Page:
How to Make Cannabis-Infused Butter and Oil for Cooking and Baking

Infused oils and butter can be added to baked goods and more—here's how to prepare them and get the dosage right.

Talk to people about cannabis edibles and most will recall at least one horror story about how they got way too high after eating a brownie. But edibles have come a long way, thanks to pioneering chefs and the growing number of states that have legalized cannabis.

The key is finding the right dosage, which is different for everybody. You can control the dosage and the flavor of edibles by making them yourself at home. It just takes patience and precision to get the best results. You can add cannabis to almost any dish, from dips and pastas to pie and, frankly, almost any dessert you can imagine. (It's a good idea to check with your doctor before adding cannabis to your diet, and always be sure to keep any cannabis-containing foods out of reach of children, pets and unknowing snackers.)

Slices of butter on a designed background of cannabis leaves
Getty Images / Ruta Lipskija / EyeEm / Olena Ruban

Infusing cannabis is, unfortunately, a process. You can't just sprinkle some bud over your food and expect rainbows and unicorns. In order to make cannabis edibles, you need to make an infused butter or oil with which you can cook. But once you've made the butter or oil, you can store it in a sealed container in the fridge or freezer and use it to bake or cook at any time.

Different chefs will have different methods for preparing cannabutter or cannaoil. I prefer to start with a half ounce to an ounce of cannabis and make a more concentrated butter or oil. This way, I can add only a small amount of the cannabutter or oil to the recipe, and supplement the rest with regular butter or oil. This allows for me to play around with the dosage and add it to any recipe—it doesn't have to be one that specifically calls for cannabutter—without drastically impacting the flavor profile.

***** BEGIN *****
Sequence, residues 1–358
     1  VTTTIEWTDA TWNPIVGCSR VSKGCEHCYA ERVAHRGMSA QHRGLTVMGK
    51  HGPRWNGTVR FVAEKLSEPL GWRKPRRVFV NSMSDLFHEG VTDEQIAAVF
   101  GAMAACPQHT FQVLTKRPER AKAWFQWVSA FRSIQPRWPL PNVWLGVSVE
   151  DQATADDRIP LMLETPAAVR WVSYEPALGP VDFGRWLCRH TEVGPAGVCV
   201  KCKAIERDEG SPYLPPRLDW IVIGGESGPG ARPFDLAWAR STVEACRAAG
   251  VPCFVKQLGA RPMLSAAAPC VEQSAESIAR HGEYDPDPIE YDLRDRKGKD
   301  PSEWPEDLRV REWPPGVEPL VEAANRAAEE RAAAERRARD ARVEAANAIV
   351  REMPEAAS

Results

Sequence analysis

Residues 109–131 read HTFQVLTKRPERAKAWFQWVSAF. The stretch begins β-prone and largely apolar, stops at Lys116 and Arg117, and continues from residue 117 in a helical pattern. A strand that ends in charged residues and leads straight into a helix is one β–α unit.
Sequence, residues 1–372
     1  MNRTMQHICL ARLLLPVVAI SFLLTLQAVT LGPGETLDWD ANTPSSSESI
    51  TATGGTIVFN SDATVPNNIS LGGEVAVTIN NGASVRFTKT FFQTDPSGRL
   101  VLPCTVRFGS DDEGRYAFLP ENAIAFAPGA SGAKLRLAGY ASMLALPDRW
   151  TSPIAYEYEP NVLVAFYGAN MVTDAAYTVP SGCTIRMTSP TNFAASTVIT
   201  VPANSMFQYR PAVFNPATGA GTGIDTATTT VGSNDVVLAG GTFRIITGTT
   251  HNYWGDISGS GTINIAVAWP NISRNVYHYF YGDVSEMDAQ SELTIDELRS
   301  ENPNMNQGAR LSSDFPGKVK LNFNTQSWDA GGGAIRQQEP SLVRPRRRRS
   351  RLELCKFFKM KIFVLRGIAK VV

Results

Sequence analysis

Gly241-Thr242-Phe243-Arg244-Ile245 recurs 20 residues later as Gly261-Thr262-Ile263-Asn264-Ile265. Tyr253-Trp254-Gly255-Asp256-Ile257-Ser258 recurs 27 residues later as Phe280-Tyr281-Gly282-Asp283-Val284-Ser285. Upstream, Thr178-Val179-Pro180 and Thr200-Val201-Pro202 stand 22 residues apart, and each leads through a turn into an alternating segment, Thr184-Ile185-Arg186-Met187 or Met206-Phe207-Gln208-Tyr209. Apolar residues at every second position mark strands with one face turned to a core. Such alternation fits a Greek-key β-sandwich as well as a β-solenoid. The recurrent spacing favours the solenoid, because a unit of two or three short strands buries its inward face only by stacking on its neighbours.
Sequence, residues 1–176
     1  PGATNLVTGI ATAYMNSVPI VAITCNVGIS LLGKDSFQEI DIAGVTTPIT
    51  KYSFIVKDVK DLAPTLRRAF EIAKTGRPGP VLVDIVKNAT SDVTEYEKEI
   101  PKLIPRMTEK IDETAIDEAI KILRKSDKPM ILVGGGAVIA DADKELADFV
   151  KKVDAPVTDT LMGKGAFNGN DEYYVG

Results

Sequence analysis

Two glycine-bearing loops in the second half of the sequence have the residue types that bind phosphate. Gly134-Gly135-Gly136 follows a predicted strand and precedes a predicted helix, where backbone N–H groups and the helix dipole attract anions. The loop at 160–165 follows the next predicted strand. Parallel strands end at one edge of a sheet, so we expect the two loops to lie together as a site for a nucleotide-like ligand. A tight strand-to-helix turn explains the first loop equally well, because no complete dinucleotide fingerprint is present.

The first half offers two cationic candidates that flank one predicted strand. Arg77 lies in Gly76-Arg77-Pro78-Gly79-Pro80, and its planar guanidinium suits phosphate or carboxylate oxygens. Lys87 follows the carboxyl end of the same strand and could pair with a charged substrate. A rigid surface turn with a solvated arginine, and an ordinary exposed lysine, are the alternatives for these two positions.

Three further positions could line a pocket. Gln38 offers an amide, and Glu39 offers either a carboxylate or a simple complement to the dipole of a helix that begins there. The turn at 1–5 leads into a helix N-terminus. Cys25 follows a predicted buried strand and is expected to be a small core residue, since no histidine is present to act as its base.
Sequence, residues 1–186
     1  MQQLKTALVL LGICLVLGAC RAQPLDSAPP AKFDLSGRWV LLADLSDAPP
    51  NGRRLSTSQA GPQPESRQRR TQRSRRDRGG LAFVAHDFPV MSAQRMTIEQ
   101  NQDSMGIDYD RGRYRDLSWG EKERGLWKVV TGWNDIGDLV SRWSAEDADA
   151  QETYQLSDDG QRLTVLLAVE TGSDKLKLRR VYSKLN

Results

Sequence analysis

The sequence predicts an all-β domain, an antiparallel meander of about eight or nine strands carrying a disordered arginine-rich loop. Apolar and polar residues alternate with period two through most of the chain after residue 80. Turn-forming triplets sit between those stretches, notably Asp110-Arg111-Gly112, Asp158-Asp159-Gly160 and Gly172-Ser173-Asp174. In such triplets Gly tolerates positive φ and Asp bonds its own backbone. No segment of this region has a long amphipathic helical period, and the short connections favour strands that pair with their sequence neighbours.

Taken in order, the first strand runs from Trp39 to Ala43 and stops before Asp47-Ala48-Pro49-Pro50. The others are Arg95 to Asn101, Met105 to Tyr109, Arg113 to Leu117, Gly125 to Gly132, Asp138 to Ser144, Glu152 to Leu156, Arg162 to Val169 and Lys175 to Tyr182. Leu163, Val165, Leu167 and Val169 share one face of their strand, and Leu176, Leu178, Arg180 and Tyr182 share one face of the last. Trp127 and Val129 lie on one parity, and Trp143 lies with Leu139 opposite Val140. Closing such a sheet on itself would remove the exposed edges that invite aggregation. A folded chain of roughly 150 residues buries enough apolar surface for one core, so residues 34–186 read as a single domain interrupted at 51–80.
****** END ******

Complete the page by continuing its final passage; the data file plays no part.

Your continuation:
How to Make Cannabutter or Cannaoil

Before you start, a couple of tips:

  1. Invest in a digital kitchen scale, which will help ensure you're being exact with your measurements, as this matters when it comes to dosage and potency.
  2. Make your cannabis infusion at least a day in advance of cooking with it, giving yourself time to test out how much you want to use per serving.

Step 1: Bake the cannabis flower

In order to activate the psychoactive compounds in cannabis, it needs to be heated up. This process is called decarboxylation. Essentially, you'll be baking the cannabis in the oven low and slow. While it can be tempting to skip this step, don't! You won't get the warm and fizzies without it, and you would have essentially just wasted good cannabis.

Note: The decarboxylation process will fill your house with the aroma of cannabis. Keep that in mind if you live in an apartment building with neighbors who may complain. That's one reason why I suggest covering the pan tightly with foil. Opening windows and running fans during the process can also help.

What you need:

  • 1/2 ounce (14 grams) high-quality cannabis flower
  • Small baking pan or foil pan
  • Foil lid or enough foil to tightly seal the pan
  • Grinder


1. Place rack in center of oven and preheat to 220℉.

2. Break up cannabis flower into coarse pieces by hand, so the pieces are the size of large grains of rice. You don't want to grind them at this point as that may lead to burning the cannabis, which will affect the flavor. Add the flower pieces to the baking pan and cover with foil lid or foil, sealing the edges.

3. Bake on the center rack for 45 minutes.